Interview with FSM Ambassador to Japan
Q1. What about the Pacific Alliance Leaders Meeting are you looking forward to?
There are two things I am looking forward to. The first is proving what the past six meetings have shown-that is the strengthening of the friendship between Japan and the Pacific Islands region. The second is deciding the direction of the region and taking steps to keep moving ahead together, and to produce concrete results at the PALM7 meeting.
Q2. Having the PALM7 meeting in Fukushima sounds like a way to support the revival of the area after the earthquake and tsunami. Micronesia was just hit the other day with a very destructive typhoon; what do you think the meaning of Micronesia participating in the meeting as nation that is also susceptible to natural disasters?
Even though we have experience with natural disasters, the size is incomparable. On top of improving policies and response to natural disasters, this is an opportunity to share and learn from ours and others’ know-how. The Federated States of Micronesia has many things to learn from Japan, and I hope to have a positive exchange of opinions during the meeting.
Q3. Unfortunately, the damage caused by the typhoon in Micronesia was not largely picked up by the media in Japan. I feel that although Micronesia and Japan share a long history, the number of people who show interest is small. What is your opinion on this?
On March 29th, Typhoon Maysak hit the State of Chuuk in the Federated States of Micronesia, and then the State of Yap. Both areas are suffering from large damages, but the news was not widely broadcasted in Japan.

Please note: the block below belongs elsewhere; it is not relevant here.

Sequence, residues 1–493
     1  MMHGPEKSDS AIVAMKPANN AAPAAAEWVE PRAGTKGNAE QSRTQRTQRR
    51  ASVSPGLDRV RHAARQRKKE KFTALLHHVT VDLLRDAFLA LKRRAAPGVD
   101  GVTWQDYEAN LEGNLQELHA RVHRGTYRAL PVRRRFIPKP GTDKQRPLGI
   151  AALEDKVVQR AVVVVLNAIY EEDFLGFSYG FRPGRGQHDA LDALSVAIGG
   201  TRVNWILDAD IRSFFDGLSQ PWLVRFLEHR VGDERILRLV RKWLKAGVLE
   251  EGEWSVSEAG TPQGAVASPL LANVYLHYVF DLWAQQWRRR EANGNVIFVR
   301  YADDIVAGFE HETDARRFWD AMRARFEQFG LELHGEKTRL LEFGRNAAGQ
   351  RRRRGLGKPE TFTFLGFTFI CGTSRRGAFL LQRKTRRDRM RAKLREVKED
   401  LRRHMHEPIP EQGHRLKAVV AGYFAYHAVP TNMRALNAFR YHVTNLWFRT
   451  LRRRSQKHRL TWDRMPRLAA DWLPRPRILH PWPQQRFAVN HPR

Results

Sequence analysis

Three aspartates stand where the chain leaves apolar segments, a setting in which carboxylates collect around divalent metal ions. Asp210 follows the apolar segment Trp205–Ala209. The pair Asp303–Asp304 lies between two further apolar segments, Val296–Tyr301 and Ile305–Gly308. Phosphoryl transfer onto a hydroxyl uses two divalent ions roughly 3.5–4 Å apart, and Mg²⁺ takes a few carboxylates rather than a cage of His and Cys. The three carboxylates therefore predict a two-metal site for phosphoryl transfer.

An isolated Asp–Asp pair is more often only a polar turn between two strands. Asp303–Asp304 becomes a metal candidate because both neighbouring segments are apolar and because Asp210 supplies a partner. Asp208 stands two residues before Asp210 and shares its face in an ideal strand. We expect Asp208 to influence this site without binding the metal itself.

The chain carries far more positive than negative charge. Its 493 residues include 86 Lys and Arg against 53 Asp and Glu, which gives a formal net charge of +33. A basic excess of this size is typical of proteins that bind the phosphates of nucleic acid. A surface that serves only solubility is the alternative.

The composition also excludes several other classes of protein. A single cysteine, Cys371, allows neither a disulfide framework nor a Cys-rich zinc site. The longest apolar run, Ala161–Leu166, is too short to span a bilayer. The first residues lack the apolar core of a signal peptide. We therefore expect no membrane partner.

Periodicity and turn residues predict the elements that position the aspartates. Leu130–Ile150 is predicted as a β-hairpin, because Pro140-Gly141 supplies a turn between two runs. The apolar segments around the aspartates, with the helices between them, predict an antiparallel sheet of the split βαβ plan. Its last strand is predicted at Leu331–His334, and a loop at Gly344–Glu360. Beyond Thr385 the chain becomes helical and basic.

However, there were many people who heard of the typhoon through online news sites and contacted us and started to collect donations. The Japanese government also gave us immediate support and acted quickly, which we are very thankful for.
Q4. What are your thoughts on the possibility of talented workers leaving the islands and going to the U.S. under the Compact of Free Association, leading to a population outflow?
I believe there are two sides to this. The first is the negative side of a population outflow. 17 percent of the population outflow is headed towards the U.S. This is because of the limited education and work opportunities available in Micronesia.
However, if you look at the positive side, it’s a plus for Micronesia and the regional community if these men and women who go abroad come back to Micronesia and use the knowledge they gained out of the country. If people who received a higher education come back and use their expertise for the good of the community and local people, then a population outflow will not always be a negative occurrence.
-There is a problem of a brain drain, but are Micronesian students returning after their study abroad?
That’s a very big problem for us. Naturally, if you want a higher income more people will continue to live overseas. We cannot make decisions for them as a government, but we have to maintain their motivation while studying abroad and also get them to use their newly acquired knowledge back home. This is a challenge we will have to continue to think about.
Q5. It is said that because the Pacific Island nations are scattered, their economies are not functioning well. What approach do you think is necessary regarding this problem?
It’s true that the Pacific nations are far from the world’s central market. However, we can use those limited resources and give it added value; we are aiming to sell products that are rare and sold only in one place.
One of the challenges we’re facing in doing this is that Japanese technological aid and support is indispensable. In the Federated States of Micronesia, the fishing and tourism industries are two fundamental pillars we rely on. In order to develop and make these industries successful, we have to actively attract Japanese investment and give effort in cooperation and support.
（From left Ambassador Fritz, Ms. Otaka）
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